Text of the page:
Over four days last month, from May 12 to 15, Andrew Bunch, 31, got a collective three hours of sleep, as best he can recall. (As bad as that sounds, it’s still on the far end of normal: The record for non-drug-fueled human wakefulness is 11 days, set by a teenager in 1964.) “My employees half the time asked when I last slept, because I looked like a train wreck,” Bunch says. He’s the owner of Abunch LLC, in Greenpoint, and had been hired to build sets for a string of events—the CBS upfronts after-party, some charity benefits, and a furniture show. Each day, he’d work until about 3 a.m., go home, sleep an hour, shower, then head back out. The lack of sleep flared his temper, he says. He snapped easily. But finishing the job was no problem. “It’s all adrenaline,” he says. “Your mind can stay focused if it has something to do.” And when it was all done, relief came gradually: He slept seven consecutive hours but felt wrecked for days.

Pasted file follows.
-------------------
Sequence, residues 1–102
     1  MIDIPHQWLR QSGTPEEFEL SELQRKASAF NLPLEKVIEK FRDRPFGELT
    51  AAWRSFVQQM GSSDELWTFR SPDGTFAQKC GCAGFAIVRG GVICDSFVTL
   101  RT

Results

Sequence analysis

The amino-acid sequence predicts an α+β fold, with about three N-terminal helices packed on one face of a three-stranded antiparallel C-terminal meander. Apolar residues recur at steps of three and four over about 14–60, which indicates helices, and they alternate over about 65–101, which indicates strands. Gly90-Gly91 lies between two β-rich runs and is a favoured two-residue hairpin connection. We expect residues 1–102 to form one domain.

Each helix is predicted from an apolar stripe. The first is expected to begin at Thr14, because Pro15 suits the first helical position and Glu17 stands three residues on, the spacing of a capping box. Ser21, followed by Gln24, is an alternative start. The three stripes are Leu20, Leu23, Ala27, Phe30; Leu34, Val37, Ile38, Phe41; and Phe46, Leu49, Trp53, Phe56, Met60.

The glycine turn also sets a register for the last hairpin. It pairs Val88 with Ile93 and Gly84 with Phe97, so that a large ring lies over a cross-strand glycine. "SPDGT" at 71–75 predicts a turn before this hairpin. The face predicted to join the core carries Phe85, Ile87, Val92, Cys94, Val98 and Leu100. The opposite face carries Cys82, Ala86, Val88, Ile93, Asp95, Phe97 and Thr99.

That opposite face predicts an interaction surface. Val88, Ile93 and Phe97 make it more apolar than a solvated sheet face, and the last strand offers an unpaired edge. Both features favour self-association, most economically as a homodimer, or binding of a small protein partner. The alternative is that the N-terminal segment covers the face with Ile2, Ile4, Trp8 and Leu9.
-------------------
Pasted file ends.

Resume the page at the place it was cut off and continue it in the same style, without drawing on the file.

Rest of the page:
1. Breaking out
Cortisol activates inflammation in the skin—which makes blemishes worse.
Cortisol wins the battle with growth hormones, which normally regenerate the collagen in skin overnight.
It also beats up on the cells that line blood vessels. The enlarged vessels show up clearly in the whites of the eyes.
It makes the body hoard sodium and fluid.
5. Darkening circles
Under the eyes, those blood vessels dilate, causing discoloration.
Medical effects explained by Dr. Shari Lipner, dermatologist, NewYork-Presbyterian/Weill Cornell Medical Center.